advances in comparative neurophysiology have generated insights into the biology of language. Therefore, though the absence of the intermediate stages of the evolution of hominid linguistic ability places limits on our ability to ever fully understand how and when human language evolved, the ndings of recent neurophysiologic and behavioral studies of human beings and other species place the study of the human brain and language in a different light. The relevant studies include traditional observations of experiments-in-nature, decits resulting from disease or trauma to the brain, and studies employing noninvasive techniques functional magnetic resonance imaging (fMRI) and positron emission tomography (PET) that indirectly track activity in the brain by means of blood ow measurements (Logothetis et al., 2001). Data from studies of neural activity in other species, that make use of invasive techniques employing tracers and direct electrophysiologic recordings of neural activity, also provide essential insights, placing ndings from studies of human subjects into a coherent framework. These advances have led to an understanding of the neural bases of human language that transcends the traditional theory equating language with Brocas and Wernickes areas of the cortex, a theory that dates back to the 19th century. Through these studies, it has become apparent that the evolution of the neural bases of the derived properties of human language, i.e., speech, complex syntax, and an almost limitless vocabulary, derive from Darwinian mechanisms. The traditional locationist model History and technology play major roles in structuring human thought. In the early years of the 19th century, phrenologists systematically identied spe-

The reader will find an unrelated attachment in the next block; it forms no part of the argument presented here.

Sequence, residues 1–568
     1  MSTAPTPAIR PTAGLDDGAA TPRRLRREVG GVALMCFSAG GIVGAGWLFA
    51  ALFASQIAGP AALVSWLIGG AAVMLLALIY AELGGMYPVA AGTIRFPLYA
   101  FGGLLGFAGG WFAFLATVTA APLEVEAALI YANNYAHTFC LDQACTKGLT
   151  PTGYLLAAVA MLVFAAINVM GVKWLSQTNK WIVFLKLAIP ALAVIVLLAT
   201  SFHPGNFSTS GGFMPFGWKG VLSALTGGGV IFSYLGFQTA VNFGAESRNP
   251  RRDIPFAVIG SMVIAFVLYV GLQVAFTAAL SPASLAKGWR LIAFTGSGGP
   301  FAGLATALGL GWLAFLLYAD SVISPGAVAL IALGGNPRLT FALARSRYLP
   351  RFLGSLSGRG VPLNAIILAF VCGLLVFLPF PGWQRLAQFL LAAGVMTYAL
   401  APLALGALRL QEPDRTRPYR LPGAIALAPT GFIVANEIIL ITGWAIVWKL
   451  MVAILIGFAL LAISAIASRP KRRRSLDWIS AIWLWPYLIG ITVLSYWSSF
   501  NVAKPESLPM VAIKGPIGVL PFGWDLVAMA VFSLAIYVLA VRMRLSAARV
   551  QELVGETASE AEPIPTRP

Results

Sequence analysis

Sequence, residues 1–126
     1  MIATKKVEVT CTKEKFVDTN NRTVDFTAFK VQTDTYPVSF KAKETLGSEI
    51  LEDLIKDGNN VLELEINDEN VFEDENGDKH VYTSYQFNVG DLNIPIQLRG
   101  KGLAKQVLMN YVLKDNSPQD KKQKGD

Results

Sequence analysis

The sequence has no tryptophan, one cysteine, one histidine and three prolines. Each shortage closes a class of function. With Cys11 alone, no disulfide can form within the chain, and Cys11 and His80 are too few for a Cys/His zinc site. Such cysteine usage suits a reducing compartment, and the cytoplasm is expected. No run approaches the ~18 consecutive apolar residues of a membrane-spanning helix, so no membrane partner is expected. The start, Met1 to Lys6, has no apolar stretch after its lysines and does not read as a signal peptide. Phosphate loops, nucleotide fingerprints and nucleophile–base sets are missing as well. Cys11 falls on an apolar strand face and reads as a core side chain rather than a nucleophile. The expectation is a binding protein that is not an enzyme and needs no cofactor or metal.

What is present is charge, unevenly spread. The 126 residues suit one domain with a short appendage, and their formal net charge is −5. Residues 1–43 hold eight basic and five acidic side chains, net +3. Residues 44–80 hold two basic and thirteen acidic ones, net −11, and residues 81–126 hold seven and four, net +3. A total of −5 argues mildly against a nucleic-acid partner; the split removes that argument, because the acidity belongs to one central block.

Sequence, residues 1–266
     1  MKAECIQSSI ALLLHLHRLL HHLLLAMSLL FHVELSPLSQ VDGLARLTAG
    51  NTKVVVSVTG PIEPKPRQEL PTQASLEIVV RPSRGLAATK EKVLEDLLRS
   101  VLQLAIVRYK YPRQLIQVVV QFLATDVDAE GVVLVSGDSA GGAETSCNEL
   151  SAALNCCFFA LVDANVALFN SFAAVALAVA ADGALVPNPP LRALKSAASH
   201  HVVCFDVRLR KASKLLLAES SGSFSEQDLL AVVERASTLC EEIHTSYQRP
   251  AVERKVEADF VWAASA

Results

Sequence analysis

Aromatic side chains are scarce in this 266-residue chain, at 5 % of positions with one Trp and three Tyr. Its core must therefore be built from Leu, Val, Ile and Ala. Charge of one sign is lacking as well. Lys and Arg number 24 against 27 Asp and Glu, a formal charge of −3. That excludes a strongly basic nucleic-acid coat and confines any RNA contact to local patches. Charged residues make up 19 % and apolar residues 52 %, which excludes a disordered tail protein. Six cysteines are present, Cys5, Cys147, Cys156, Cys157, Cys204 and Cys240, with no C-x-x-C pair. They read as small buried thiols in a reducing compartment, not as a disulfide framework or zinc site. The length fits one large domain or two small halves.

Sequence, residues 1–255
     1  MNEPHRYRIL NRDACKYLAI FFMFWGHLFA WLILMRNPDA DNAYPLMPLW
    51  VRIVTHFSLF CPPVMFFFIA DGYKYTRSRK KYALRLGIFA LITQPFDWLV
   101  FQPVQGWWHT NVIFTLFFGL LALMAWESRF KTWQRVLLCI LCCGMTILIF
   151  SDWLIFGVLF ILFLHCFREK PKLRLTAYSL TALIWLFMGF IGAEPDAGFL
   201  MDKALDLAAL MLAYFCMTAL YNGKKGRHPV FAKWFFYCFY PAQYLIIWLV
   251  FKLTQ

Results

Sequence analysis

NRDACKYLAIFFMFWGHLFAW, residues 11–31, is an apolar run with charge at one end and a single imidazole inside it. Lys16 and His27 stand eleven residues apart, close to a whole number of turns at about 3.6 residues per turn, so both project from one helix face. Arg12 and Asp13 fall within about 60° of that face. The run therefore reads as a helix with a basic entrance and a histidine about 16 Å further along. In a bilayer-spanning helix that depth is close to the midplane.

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cic locations in the brain as the locations in which various skills and qualities were regulated. The implicit model underlying the locationist aspect of the theory was the clock. The most common, complex, contemporary machines of the day were clocks and chronometers built out of discrete systems. One mechanical system, i.e., a set of parts, counted out the interval of time, a different set of parts moved the clocks hands, and so on. Therefore, it was reasonable to propose a neural model that sought to nd the locations of the specic parts of the brain that regulated various aspects of human behavior. Although phrenology is often portrayed as a quack science, it constituted a locationist scientic theory subject to falsication. Gall (1809) and Spurzheim (1815), in essence, claimed that complex behaviors such as language, mathematical ability, musical ability, and various aspects of human character such as ambition, charity, and veneration were regulated in specic locations of the neocortex. Phrenologists, who obviously lacked any imaging techniques, thought that surface regions of the skull corresponded to the cortical areas in question, and the exterior of the skull was partitioned into regions that were each the seat of a faculty. According to phrenological theory, the size of these seats, and the areas of the protuberances and bumps of the skull, were innately determined in a given individual. The area of each region was a measure of the complex behavior or particular aspect of character regulated by that region. Phrenological theory was tested through empirical studies that, for example, determined whether people whose skulls had a larger expanse in area 14, the seat of veneration, manifested this attribute in their daily lives more than people whose skulls had a smaller area 14. Gall (1809) measured skulls in such places as prisons and lunatic asylums, correlating behavior with skull measurements. Other studies measured the skulls of clerics, professors, poets, artists, and the like. The skulls of homicidal felons often had larger areas for compassion than clerics, and distinguished mathematicians could have small mathematical areas; thus, phrenology fell into disfavor. However, the underlying premise that guided phrenological research, that all aspects of a complex behavior are regulated in an anatomically discrete, separable, area of the cortex, survives to the present day in the Broca-Wernicke language area theory. When Broca (1861) found that a patient who had lesions in the anterior cortical region of the left hemisphere of his brain was unable to speak anything besides a single monosyllable, he adhered to the phrenological model and concluded that speech production was regulated in this particular region of the cortex. Overlooked was the fact that his patient also had extensive subcortical damage and extensive nonlinguistic motor impairment. Wernicke (1874) found that patients who had suffered damage in the second temporal gyrus of the cortex in the posterior left hemisphere had difculty comprehending